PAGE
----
Bitcoin and most other cryptocurrencies are based on the idea that coins can be generated by causing computers to solve a difficult problem. The more CPU cycles an individual can dedicate towards the mining problem, the more likely the chance that they will create a new coin. For years, botnets have scanned corporate networks for high-powered machines and installed Bitcoin or other cryptocurrency mining software on the fastest computers. We’ve seen a wide variety of methods for infecting people with cryptocurrency miners, with Monero miners being launched as stand-alone malicious executables since June 2017 after users unwittingly open a malicious Word document attached to an email message, causing the Monero-mining executable to be downloaded from the Internet and launched.
More recently, the news has been riddled recently with stories about a particular Monero mining software that runs in a browser. The site most commonly associated with this behavior is CoinHive. The level of exploitation is such that recently CheckPoint Software said that CoinHive Miners were their “Most Wanted” malware, with at 55% of their customers having been exposed to one or more cryptocurrency mining malware families.
We know from experience that many email recipients, even if they believe an email is likely to be a phish, will still click on it simply because they are curious. Many believe that if it is a phish, they will be smart enough to recognize it once they see the page and “not fall for it.”
The growing trend now is to embed the miner into more traditional credential-phishing sites, where an email lures users to a fake website designed to steal the userid and password to an online service, email system, or financial institution. When this approach is used, popular browsers launch instances of themselves which are hidden from the user, allowing coin-mining to continue in the background even if the user has closed all of the browser windows he or she can see.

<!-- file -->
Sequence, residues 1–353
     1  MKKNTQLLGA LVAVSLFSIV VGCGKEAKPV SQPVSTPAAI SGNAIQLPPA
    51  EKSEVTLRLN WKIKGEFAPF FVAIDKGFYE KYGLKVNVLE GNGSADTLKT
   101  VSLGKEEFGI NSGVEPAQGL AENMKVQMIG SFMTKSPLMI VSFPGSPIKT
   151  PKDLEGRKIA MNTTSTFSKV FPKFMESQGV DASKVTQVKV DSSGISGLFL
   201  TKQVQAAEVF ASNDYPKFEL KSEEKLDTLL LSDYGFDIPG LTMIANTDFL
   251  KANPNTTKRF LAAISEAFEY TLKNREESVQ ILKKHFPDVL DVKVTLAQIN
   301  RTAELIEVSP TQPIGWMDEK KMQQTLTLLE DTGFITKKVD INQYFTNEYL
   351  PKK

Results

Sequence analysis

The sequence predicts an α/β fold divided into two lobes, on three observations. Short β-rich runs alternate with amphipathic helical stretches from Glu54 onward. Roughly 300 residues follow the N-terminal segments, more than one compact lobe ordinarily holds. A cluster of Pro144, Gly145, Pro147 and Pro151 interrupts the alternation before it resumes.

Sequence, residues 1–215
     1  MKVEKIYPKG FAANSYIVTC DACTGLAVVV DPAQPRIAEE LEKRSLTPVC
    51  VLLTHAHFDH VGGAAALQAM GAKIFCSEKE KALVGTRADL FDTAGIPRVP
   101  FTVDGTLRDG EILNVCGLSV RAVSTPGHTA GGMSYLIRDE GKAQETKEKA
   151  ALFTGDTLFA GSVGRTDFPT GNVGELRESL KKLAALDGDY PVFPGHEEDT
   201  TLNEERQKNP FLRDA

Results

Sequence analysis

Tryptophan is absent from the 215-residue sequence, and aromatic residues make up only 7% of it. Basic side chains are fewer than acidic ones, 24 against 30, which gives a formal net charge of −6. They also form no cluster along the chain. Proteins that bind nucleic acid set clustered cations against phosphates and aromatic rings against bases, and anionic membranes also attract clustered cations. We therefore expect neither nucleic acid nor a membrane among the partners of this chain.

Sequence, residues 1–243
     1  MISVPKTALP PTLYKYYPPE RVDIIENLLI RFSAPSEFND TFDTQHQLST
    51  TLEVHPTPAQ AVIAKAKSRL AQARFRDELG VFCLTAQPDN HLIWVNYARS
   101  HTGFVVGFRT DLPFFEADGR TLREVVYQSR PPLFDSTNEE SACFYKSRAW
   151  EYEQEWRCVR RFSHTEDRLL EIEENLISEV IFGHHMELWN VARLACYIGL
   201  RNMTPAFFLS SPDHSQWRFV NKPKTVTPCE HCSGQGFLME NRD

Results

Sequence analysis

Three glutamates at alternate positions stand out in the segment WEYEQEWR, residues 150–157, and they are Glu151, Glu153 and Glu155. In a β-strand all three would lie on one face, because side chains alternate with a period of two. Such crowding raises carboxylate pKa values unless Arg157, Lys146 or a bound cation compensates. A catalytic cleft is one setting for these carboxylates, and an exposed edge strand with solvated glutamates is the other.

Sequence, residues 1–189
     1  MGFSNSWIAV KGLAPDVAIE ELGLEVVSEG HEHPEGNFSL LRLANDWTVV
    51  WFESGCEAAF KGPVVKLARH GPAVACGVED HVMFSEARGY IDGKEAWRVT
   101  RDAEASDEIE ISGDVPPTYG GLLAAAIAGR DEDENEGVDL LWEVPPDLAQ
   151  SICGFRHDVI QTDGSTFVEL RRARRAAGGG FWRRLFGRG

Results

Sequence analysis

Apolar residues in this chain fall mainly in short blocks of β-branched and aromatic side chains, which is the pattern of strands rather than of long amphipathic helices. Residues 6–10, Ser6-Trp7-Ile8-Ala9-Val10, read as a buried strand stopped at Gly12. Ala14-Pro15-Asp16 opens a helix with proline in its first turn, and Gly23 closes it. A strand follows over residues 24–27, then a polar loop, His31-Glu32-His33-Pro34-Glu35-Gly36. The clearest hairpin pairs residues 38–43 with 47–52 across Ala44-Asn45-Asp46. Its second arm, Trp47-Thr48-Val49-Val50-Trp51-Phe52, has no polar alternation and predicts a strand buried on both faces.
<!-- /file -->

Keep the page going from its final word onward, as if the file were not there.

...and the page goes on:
Figure 1 – An Alibaba Phish – PhishMe Threat ID: 26007111
When your employees click on ANY URL, especially if that website happens to be a vulnerable WordPress site, they may be exposed to a crypto-currency miner. In the next example, we believe the DocuSign phisher, who has previously created at least forty other phishing sites, did not intend to cause visitors to mine for cryptocurrency. Instead, the site he hacked, via a WordPress vulnerability, had also been hacked by someone installing a CoinHive-based Monero Miner.
Figure 2 – Docusign Phish (email credential stealer) – PhishMe ThreatID 25865106
Although the phisher did not include the CoinHive code, the WordPress site which was hacked by the phisher to host his DocuSign phish was ALSO hacked to install a CoinHive-based Monero miner in such a way that every visitor to the site began to mine Monero. Although Sucuri reported back in September that CoinHive miners had been seen on hacked websites, it was not until late December 2017 that we saw massive exploitation of WordPress sites to install CoinHive Miners, as documented by BleepingComputer. This attack was quite successful, earning the hackers at least $100,000 worth of Monero in just two of the Monero wallet addresses observed by security researchers. Other researchers have also reported wide delivery of this malware, including Malwarebytes, who says they block CoinHive related API calls as many as 8 million times per day!
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